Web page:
What Is Microdosing? The Risks of Microdosing


If there was a way to feel the amazing high of psychedelic drugs without hallucinating, would you do it?

That’s what folks interested in microdosing are trying to do.

More people are microdosing drugs for health benefits than ever before. In fact, some of the greatest and most competitive nerds in Silicon Valley are microdosing to try to boost their careers.

But is microdosing even safe? What is microdosing, exactly?

You don’t have to be a genius to understand why hallucinogenic drugs are still illegal in most of the world. They’re unregulated, unpredictable substances with powerful mental effects that have literally driven people to insanity.

So why are so many people willing to risk it?

Let’s dive into the benefits and health risks of the popular trend. Keep reading to learn the risks of microdosing.


What is Microdosing?

The term microdosing literally means to take a micro dosage, or smaller than normal serving of something. Most of the time, however, when people use the term “microdosing” they are referring to a psychedelic drug like shrooms or LSD.

In order to count as a microdose, the person has to feel some effects of the psychedelic drug without actually getting high to the point of hallucination or cognitive impairment.

There are many reasons someone may choose to microdose.

Some claim it improves their mood, helps them focus, heals depression, assists in processing trauma, you name it. But even in smaller than normal doses, isn’t taking an illegal psychedelic drug still dangerous? What are the risks of microdosing?

We’ll cover the perceived benefits and risks of microdosing in just a minute.

But first…


Which Psychoactive Substances Do People Microdose?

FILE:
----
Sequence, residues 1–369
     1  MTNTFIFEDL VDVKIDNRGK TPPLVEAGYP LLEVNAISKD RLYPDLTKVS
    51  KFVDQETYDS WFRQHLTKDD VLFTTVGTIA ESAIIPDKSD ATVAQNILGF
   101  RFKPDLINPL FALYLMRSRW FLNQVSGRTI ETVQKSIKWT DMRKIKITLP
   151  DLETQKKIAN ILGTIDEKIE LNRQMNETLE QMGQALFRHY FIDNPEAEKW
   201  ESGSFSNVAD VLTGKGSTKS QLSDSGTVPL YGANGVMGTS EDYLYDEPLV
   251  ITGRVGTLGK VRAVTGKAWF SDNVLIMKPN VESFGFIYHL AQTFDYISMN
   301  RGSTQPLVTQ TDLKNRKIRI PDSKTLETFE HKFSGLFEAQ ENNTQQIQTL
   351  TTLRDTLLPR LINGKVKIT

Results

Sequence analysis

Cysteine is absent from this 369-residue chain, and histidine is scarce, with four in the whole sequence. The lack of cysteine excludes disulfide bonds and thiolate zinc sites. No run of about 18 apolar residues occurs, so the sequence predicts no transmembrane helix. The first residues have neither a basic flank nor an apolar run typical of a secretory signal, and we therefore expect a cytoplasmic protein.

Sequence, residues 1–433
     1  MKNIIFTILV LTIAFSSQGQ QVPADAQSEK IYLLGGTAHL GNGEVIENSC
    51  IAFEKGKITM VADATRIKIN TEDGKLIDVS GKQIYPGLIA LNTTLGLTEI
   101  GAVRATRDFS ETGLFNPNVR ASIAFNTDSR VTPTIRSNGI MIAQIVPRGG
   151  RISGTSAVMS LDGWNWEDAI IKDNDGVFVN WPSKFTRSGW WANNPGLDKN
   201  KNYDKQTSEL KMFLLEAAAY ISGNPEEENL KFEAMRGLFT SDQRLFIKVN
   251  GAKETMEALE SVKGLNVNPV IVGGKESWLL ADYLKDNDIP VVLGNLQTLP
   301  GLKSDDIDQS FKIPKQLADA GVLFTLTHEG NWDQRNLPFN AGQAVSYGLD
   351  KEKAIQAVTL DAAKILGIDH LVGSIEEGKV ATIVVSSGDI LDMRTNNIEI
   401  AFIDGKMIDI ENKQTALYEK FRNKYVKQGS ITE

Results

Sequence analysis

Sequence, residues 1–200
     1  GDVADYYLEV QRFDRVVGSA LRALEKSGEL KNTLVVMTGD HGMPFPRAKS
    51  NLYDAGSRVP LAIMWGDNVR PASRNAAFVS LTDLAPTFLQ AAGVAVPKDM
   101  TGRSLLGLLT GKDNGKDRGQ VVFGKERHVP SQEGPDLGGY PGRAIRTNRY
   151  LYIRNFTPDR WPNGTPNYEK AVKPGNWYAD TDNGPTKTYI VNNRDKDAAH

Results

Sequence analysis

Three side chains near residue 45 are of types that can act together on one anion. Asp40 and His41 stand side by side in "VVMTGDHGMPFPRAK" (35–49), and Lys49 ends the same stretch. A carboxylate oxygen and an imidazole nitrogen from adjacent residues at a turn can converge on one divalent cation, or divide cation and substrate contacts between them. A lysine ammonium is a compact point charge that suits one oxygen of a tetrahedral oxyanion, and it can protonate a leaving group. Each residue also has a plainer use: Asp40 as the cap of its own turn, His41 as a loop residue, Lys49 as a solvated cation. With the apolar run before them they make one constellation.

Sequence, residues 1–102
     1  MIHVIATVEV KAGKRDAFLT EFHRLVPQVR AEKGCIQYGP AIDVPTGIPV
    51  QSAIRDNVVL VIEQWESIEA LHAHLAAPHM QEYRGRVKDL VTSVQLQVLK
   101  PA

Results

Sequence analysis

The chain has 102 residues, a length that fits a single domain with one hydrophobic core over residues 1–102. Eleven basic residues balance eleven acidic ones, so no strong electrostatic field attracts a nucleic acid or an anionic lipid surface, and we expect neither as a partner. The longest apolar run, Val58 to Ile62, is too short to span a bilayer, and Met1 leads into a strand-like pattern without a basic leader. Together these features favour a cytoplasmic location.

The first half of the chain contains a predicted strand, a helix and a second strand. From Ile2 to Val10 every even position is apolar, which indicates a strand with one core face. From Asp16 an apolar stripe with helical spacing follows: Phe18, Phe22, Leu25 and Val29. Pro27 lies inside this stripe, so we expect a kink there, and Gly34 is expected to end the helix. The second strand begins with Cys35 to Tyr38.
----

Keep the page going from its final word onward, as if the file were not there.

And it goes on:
Let’s get clear on which substances we’re talking about here.

The most common drugs used for microdosing are:

  • Cannabidiol (CBD)
  • Cannabis
  • Ketamine
  • MDMA (also known as molly or ecstasy)
  • Ritalin
  • Nicotine (to “improve focus” without smoking)
  • DMT
  • LSD*
  • Psilocybin* (also called magic mushrooms)
  • Ayahuasca

Note*: LSD and psilocybin are by far the most popular substances used for microdosing. They tend to be easier for most people to purchase out of all the illegal psychedelic substances. They’re also the most well-researched.

There are many reasons a person might want to microdose nicotine instead of buying a whole pack of Marlboro or eat one mild cannabis edible instead of smoking a large joint. Ultimately, the point of microdosing anything is to reap some benefits from a drug while still being able to function normally throughout the day.

What benefits are microdosers looking for, you may ask?

The anecdotal laundry list of miracles people come up with may surprise you.


Why Do People Microdose?

When someone says they want to microdose LSD or mushrooms, most of the time they’re looking for:

  • Calm and confident in social interactions
  • Stress relief (without affecting their state of consciousness)